Royal Society Te Apārangi is celebrating he kotahi rau one hundred years of electing Fellows (Ngā Ahurei a Te Apārangi) to its Academy next month. Over 14-15 February there will be a number of activities to mark this milestone.
Ngā Ahurei Fellows are elected into the academy for outstanding distinction in rangahau research and scholarship or contribution to advancing pūtaiao science, hangarau technology and aronui humanities. Fellows can use the post-nominal FRSNZ after their name to indicate this honour.
Royal Society Te Apārangi President Professor Wendy Larner FRSNZ says the Ngā Ahurei Fellows contribute greatly to the mahi work of the Society.
“Our Fellows join our expert panels to consider topics we think are important for Aotearoa and provide expert reviews. Recent topics include the potential risks and benefits of gene editing for New Zealand and the impact of artificial blue light on our health and the environment. Our Fellows also join our selection committees for determining who will receive research funding and awards.”
The first Fellows were inducted in 1919, following a review of science in New Zealand by Allan Thomson that recommended a body of Fellows be established, selected on the basis of research or distinction in science.
“The first cohort of Fellows included those who had received the Hector and Hutton medals as well as Past Presidents of the Society. Also inducted was New Zealand’s most famous scientist, Ernest Rutherford,” Professor Larner says.
The original twenty Fellows were:
The Fellows were all men until 1936 when eminent mycologist and plant pathologist Kathleen Curtis was elected. Last year the University of Auckland named the atrium in their new Science Centre in her honour as part of its 125 years of Suffrage celebrations.
Over time the scope of the Academy has been broadened to embrace technology and the humanities. Today there are 429 Fellows from a wide range of disciplines and 15% are women.
“That percentage is clearly still well below where we would like it to be but we have been making progress by encouraging nominations from under-represented groups. We are gaining about 1% more women each year and we are also slowly increasing the numbers of Ngā Ahurei Fellows from other under-represented groups,” Professor Larner says.
“In addition to Fellows we value our Honorary Fellows, Ngā Ahurei Honore a Te Apārangi. These are typically eminent researchers living abroad but originally from New Zealand who maintain strong links with Aotearoa’s research community. In fact, I was an Honorary Fellow when I was working overseas but I transitioned into a Fellow when I took up a post in New Zealand,” Professor Larner says.
New Fellows Seminars
The public will have the chance to hear from the latest cohort of elected Ngā Ahurei Fellows and Ngā Ahurei Honore Honorary Fellows, who will be presenting short seminars on their research as part of the Academy Centenary events.
The new Ngā Ahurei Fellows are experts in topics that include, in the humanities, global justice and migration, public economics, sociocultural theory, intellectual property and constitutional law. In the sciences, topics include enzymes, ultrafast lasers, reproductive and eye health, genetic diseases, medical modelling and sensors, pest control, ecological networks and earthquakes.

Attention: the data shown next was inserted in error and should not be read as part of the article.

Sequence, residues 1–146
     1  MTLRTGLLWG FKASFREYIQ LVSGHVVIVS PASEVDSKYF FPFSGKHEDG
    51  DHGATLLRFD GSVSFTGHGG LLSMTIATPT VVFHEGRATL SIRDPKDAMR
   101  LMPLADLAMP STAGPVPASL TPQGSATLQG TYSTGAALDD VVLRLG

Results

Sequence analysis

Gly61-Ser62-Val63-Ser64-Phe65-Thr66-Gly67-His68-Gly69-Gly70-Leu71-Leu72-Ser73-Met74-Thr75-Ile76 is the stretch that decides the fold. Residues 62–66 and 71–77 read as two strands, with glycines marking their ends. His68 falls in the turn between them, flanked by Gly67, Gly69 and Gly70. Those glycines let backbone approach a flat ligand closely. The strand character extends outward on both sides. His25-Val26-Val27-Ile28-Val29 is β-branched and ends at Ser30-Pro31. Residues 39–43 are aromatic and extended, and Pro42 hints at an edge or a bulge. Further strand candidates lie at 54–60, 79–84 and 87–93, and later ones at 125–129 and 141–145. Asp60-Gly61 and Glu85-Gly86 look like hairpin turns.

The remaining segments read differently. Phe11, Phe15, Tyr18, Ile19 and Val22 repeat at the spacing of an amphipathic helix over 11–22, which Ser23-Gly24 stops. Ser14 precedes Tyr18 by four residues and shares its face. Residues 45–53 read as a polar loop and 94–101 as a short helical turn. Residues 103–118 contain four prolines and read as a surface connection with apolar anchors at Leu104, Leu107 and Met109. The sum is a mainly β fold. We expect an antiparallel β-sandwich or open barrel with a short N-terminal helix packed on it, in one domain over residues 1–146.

The New Fellows Seminars will be held at Royal Society Te Apārangi, 11 Turnbull St, Thorndon, Wellington 1.30pm to 4.45pm on Thursday 14 February. See full programme and register.
Academy Centenary Dinner
In the evening of 14 February a special dinner will be held for Ngā Ahurei Fellows and a cake will be cut by the oldest Fellow Dr Eddie Robertson OBE CBE FRSNZ who turned 100 this month. A geophysicist, he was Director General of the DSIR in the last 10 years before his retirement. He was elected a Fellow in 1963.
Academy Centenary Symposium
On Friday 15 February a special symposium with the theme of 'inclusive excellence' will be held to explore how to better measure te hiranga excellence across multiple disciplines.
“There are multiple forms of research excellence and this symposium will discuss these and how best to recognise them, so that we can continue to build diversity in our Fellows,” says Academy Chair Professor Richard Blaikie FRSNZ.
“Publication record has been a primary way that distinction in research has been evaluated for our Fellows; however, as our Academy seeks to become more representative and inclusive across the New Zealand research, scholarly and innovation communities, we recognise that publications alone are not the best way of evaluating research distinction. We are developing better understanding of how to evaluate contributions and achievements from a range or researchers, scholars and innovators working in many fields, and this symposium will help to continue this work.”
The symposium will be split into four sessions, each of which will include a keynote and panel discussion. The session topics are:
The symposium is free and open to anyone who would like to attend. It is being held from 8.45am to 5pm on 15 February at Royal Society Te Apārangi, 11 Turnbull Street, Thorndon, Wellington. See more details and register for the symposium.